Jaga Jazzist

We haven’t talked a whole lot about the Norwegian prog kings Jaga Jazzist on this site, understandably so perhaps given they don’t exactly fit an easily-describable heavy or progressive mold similar to other bands we discuss here. However, it’s that inability to pin them down that makes them so utterly fascinating and thrilling as a listener. If you were to create an insane venn diagram mapping jazz, progressive rock, post-rock, IDM, and classical forms ranging from Wagner to Glass, Jaga would fall somewhere in the center of it all. Over the course of 4 albums in the better part of 2 decades, they’ve dabbled in lounge/nu-jazz, skittery, off-the-rack electronics, symphonic post-rock, and breakneck rhythmic acrobatics that would give even the most-skilled math rock bands pause. And now, 5 years after the release of their most complex and dense work to date, One-Armed Bandit, the experimental 8-piece group are back with a new track that combines all of that in utterly unpredictable and exhilarating ways.

On Thursday, BBC Radio 1 premiered ‘Starfire’ during one of producer/beat-magician Flying Lotus‘s in-residency mixes. You can listen to it here (the track starts at 50:55). Possibly more so than any of their previous material, ‘Starfire’ is virtually impossible to describe. In its 8 1/2-minute runtime the group traverse through massive horn hooks, vertigo-inducing riffs, cosmic synths, and whiplash-inducing glitchy runs. There are certainly plenty of touchstones of previous material present throughout: the epic post-rock of ‘Oslo Skyline’ off of What We Must, the smooth winds of A Livingroom Hush, the brittle electronics that defined The Stix, and the labyrinthine and mysterious structures that turned One-Armed Bandit into their most challenging work to date. It’s all here, but in ways that feel utterly fresh and uncharted. Jaga have always excelled most in a live setting, and this jam just feels immediately built for that, rave-like lightshow and all.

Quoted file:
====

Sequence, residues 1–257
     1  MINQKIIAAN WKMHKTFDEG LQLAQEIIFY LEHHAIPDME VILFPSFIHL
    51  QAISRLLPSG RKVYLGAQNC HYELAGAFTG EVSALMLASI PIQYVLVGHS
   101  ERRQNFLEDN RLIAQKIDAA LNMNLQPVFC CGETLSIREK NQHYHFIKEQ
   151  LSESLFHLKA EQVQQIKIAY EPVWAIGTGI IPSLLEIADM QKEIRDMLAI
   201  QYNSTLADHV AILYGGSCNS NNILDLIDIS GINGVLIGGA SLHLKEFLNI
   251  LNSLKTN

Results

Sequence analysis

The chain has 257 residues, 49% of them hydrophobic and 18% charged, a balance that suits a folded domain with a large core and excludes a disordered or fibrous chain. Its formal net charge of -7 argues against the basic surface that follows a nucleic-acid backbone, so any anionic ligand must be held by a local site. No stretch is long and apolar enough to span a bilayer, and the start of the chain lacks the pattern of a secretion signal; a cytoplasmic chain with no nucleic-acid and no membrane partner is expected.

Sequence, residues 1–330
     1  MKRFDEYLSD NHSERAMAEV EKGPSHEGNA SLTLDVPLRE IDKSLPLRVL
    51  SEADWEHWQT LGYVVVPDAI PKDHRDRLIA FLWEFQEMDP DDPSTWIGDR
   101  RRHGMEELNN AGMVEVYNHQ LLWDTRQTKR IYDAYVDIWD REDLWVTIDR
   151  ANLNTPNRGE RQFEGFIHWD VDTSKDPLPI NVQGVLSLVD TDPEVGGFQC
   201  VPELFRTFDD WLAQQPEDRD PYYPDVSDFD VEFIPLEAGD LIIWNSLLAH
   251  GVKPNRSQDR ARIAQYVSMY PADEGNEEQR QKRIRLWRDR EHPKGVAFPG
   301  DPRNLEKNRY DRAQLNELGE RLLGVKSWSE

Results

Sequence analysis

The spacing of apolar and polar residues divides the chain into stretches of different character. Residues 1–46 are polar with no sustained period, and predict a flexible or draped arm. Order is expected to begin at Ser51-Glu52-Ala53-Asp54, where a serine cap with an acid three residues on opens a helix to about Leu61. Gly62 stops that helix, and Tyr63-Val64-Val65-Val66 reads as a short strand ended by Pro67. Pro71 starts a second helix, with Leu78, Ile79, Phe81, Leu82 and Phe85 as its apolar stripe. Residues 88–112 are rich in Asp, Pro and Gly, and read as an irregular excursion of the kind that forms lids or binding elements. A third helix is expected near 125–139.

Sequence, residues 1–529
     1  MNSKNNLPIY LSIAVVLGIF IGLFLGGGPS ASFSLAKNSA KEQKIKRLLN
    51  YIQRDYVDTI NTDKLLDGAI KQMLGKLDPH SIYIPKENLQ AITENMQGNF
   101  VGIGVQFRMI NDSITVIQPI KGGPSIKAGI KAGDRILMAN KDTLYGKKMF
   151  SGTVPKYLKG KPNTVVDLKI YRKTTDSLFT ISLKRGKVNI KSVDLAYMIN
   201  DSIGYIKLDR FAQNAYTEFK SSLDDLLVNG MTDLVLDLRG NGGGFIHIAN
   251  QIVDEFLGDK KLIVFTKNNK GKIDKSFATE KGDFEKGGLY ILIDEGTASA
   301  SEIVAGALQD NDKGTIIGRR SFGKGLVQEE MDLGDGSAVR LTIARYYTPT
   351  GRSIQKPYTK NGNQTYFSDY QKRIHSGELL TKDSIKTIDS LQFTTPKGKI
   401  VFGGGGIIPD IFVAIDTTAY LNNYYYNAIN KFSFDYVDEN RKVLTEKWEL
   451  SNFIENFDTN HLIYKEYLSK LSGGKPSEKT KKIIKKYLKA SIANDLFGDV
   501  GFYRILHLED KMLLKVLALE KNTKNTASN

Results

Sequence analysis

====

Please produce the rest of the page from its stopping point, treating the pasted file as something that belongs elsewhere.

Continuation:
According to updates from the band in the past year as they’ve put together the still-unnamed LP that this track will appear on, ‘Starfire’ is actually one of the shorter of the new pieces, most of which exceed over 10 minutes. There is always concern for bloat and excess when it comes to longer tracks like this, but if the rest are anywhere near as air-tight and action-packed as ‘Starfire’, then be prepared for some heads to explode.

This track (and whole program) are available to listen to for the next few weeks only, so get on it now (and while you’re at it, just listen to FlyLo’s entire mix because the man knows what the hell he’s doing). Details on the new album are still scant, but the band promises more will be coming soon. FlyLo alludes to a release in the summer though, and it will be released on Ninja Tune. In the meantime, if you are just being introduced to the band now, now is the perfect time to run through their entire stellar catalog. Allow me to recommend this brilliant cut off of their recent live album with Britton Sinfonia as an entry-point.



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